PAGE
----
A study the Alzforum has previously described to our audience formally appeared in Cell on December 12. In the paper, first author Beth Stevens in Ben Barres's laboratory at Stanford University in Palo Alto, California, collaborated with Kristina Micheva in Steven Smith's lab, also at Stanford, as well as with physicists at the University of California in Santa Cruz and others. The team report their discovery that the classical complement cascade, long known for its established role in removing infected cells and cellular debris, also functions to eliminate excess synapses during embryonic and postnatal brain development. In particular, the scientists report that astrocytes trigger the production of C1q, the upstream protein starting the complement cascade. Once the physiological period of synapse pruning is over, C1q expression ceases. This research is noteworthy not only for its broadening of the basic biology of the complement cascade, but also because C1q is known to become re-expressed in Alzheimer's, amyotrophic lateral sclerosis, and glaucoma, three neurodegenerative processes marked by synapse loss and reactive astrocytes.—Gabrielle Strobel.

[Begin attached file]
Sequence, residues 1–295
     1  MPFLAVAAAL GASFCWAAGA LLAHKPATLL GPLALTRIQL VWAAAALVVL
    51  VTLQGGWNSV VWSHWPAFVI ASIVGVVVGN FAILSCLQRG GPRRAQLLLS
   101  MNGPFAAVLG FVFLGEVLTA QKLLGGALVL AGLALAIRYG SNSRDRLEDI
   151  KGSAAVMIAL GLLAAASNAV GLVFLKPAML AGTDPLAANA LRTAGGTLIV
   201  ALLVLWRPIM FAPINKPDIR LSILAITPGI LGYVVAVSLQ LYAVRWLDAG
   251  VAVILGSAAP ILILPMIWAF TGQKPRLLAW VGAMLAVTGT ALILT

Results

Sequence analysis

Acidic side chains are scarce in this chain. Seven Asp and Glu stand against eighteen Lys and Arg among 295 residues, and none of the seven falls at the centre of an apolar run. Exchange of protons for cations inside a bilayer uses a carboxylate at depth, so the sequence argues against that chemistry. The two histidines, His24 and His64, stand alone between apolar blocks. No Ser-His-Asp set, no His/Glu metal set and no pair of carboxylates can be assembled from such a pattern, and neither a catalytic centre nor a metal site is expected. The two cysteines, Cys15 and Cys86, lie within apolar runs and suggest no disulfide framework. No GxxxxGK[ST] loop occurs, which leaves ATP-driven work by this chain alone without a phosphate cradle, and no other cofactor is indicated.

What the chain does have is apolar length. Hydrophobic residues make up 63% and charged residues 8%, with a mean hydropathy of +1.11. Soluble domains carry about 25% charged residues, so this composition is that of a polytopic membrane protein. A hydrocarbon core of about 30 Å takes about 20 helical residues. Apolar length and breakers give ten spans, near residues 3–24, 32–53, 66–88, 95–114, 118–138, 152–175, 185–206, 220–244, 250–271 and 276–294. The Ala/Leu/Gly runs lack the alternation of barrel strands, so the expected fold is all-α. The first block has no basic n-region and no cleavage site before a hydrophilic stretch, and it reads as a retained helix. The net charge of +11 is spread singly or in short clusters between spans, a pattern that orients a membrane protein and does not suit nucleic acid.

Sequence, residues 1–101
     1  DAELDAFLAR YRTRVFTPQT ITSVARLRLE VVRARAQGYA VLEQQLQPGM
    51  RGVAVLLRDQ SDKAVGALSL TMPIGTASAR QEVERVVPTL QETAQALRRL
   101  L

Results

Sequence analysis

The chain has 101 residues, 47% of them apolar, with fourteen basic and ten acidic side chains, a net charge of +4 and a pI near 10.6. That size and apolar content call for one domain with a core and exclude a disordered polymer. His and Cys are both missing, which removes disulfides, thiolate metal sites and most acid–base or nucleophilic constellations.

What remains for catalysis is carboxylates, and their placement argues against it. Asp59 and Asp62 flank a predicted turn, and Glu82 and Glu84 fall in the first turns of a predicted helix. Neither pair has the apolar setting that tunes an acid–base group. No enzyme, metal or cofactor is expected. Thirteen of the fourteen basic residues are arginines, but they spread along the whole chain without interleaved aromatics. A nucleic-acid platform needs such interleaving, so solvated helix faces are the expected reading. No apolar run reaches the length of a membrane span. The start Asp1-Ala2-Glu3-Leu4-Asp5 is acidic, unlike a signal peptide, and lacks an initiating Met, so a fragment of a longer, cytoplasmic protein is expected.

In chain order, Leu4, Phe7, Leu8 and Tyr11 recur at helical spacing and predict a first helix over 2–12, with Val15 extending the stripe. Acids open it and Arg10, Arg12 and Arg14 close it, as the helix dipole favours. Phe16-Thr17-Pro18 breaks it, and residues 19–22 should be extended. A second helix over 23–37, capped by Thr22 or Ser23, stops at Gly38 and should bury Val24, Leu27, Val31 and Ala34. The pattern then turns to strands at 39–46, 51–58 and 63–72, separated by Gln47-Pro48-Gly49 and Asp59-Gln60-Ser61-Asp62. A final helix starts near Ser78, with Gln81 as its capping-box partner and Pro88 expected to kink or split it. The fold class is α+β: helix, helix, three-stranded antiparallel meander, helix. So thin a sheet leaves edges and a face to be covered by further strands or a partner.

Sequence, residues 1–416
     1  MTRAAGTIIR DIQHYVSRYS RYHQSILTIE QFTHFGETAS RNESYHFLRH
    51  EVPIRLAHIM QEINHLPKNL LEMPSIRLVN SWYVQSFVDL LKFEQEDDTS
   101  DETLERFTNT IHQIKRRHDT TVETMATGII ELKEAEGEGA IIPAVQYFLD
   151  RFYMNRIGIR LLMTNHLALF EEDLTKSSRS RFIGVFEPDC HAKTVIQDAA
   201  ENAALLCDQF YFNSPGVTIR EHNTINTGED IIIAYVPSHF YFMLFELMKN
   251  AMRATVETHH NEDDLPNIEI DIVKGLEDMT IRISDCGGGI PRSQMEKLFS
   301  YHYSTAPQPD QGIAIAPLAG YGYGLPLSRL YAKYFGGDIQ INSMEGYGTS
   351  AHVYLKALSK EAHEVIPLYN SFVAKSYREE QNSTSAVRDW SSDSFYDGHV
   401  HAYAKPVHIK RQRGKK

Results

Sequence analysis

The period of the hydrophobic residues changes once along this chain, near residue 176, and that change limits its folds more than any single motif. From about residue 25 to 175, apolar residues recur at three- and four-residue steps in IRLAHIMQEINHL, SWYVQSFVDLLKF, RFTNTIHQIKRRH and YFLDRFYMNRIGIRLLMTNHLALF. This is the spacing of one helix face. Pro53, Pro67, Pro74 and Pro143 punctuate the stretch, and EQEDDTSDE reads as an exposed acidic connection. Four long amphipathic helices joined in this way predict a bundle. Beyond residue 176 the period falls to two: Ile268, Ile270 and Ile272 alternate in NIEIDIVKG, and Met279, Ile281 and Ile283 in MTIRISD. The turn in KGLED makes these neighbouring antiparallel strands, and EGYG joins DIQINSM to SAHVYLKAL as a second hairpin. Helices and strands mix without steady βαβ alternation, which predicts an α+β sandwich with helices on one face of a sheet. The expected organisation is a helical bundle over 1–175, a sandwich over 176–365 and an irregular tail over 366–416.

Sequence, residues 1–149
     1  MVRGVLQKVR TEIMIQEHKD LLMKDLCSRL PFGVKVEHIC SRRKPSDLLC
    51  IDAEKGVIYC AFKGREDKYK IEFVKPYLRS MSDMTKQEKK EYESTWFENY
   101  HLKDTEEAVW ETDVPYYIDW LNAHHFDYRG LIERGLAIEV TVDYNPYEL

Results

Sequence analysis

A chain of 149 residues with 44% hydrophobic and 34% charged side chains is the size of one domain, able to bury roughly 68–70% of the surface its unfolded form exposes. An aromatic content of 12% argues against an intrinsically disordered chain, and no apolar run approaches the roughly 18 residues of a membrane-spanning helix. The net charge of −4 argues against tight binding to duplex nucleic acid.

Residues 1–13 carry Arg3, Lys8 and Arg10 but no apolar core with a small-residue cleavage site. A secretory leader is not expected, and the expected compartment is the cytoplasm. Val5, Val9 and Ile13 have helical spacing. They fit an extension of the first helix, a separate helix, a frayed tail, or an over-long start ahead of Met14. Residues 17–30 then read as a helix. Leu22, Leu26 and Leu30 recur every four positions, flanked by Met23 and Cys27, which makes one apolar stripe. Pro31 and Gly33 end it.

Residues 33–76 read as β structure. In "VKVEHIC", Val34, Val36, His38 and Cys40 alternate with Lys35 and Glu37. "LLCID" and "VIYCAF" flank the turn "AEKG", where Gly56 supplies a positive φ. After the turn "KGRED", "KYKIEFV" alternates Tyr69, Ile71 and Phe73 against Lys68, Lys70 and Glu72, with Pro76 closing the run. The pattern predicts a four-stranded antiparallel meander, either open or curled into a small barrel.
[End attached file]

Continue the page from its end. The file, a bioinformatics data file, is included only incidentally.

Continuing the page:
Reference:
Stevens B, Allen NJ, Vazquez LE, Howell GR, Christopherson KS, Nouri N, Micheva KD, Mehalow AK, Huberman AD, Stafford B, Sher A, Litke AM, Lambris JD, Smith SJ, John SWM, Barres BA. The Classical Complement Cascade Mediates CNS Synapse Elimination. Cell. 2007. Abstract

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References

Paper Citations

  1. . The classical complement cascade mediates CNS synapse elimination. Cell. 2007 Dec 14;131(6):1164-78. PubMed.

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Papers

  1. . The classical complement cascade mediates CNS synapse elimination. Cell. 2007 Dec 14;131(6):1164-78. PubMed.

Primary Papers

  1. . The classical complement cascade mediates CNS synapse elimination. Cell. 2007 Dec 14;131(6):1164-78. PubMed.